I, Paul, am writing this with my own hand: I will repay it. I say nothing about your owing me even your own self.
Paul continues with his plea for Onesimus that has started in verse 8. This show how serious was the matter. It is a sign of how committed was Paul to ending oppressive systems like slavery. In the letter he emphasizes that he had written it by his own hand and this implies that in other letters he could use secretary to write for him. This is not the case with this short letter; he had to write it by his own hand. The reasons for writing with his own hand are probably because of the personal nature and sensitivity of the contents of the letter.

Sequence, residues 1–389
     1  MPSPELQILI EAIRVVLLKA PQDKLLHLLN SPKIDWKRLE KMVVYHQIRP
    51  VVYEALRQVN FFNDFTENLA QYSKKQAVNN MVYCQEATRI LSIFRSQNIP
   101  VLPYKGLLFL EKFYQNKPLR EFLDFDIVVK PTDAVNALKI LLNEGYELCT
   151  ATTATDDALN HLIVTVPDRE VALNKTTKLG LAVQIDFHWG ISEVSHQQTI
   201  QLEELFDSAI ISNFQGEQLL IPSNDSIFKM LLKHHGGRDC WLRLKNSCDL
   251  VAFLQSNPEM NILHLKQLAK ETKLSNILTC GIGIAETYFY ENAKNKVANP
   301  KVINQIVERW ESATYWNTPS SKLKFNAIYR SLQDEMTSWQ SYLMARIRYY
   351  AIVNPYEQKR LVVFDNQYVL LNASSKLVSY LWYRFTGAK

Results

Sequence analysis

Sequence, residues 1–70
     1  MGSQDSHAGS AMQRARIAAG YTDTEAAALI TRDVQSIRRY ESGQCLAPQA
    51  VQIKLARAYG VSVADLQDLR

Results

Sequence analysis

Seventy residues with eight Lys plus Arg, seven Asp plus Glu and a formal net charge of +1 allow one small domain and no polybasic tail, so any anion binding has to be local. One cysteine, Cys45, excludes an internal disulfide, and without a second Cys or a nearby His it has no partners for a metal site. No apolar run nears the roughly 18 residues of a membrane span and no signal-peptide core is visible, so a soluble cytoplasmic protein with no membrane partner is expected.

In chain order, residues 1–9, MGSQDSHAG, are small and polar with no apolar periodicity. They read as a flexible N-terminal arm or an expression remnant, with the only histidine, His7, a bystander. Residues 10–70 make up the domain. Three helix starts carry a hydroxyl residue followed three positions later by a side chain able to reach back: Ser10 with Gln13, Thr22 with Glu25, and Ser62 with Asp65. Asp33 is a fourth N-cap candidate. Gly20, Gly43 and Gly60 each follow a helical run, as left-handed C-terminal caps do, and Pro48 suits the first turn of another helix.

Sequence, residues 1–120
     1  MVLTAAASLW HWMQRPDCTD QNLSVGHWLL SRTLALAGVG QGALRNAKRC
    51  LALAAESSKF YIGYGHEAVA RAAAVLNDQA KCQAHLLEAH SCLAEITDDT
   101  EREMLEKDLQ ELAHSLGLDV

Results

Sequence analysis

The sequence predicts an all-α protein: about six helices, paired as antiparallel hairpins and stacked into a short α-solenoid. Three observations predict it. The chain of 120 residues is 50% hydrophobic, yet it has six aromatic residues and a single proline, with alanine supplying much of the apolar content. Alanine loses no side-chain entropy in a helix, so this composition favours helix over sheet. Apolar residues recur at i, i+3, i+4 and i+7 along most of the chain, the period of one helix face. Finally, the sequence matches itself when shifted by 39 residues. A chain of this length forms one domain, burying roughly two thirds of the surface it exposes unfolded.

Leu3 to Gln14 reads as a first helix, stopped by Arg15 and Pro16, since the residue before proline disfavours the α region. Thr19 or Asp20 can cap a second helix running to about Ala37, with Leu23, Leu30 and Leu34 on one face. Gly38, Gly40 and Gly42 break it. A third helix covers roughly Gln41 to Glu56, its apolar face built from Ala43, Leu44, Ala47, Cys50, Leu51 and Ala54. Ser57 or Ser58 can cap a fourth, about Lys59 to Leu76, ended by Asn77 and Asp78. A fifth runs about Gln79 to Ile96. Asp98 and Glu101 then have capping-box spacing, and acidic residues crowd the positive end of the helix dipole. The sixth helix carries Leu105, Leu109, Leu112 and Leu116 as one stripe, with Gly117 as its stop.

Grant Richison argues that “Paul placed himself under a legal contract by writing with his own hand.” The issue of restitution remains central in the negotiations and Paul is committed to fulfilling the obligation to repay Philemon. However, Paul reminds Philemon that he owes him as well but this might not be a financial debt since Philemon was rich to lend from Paul but this might be salvation debt. Therefore, Philemon´s debt is bigger than that of Onesimus and this should condition Philemon to forgive Onesimus even without restitution. Two takeaways for today are; 1. We are all debtors before God. 2. We should therefore forgive those who owe us as well since our father always forgives us.
The Revd Canon Dr. I. S. Gusha
Ss Philip and James Anglican Church
Palma de Mallorca.
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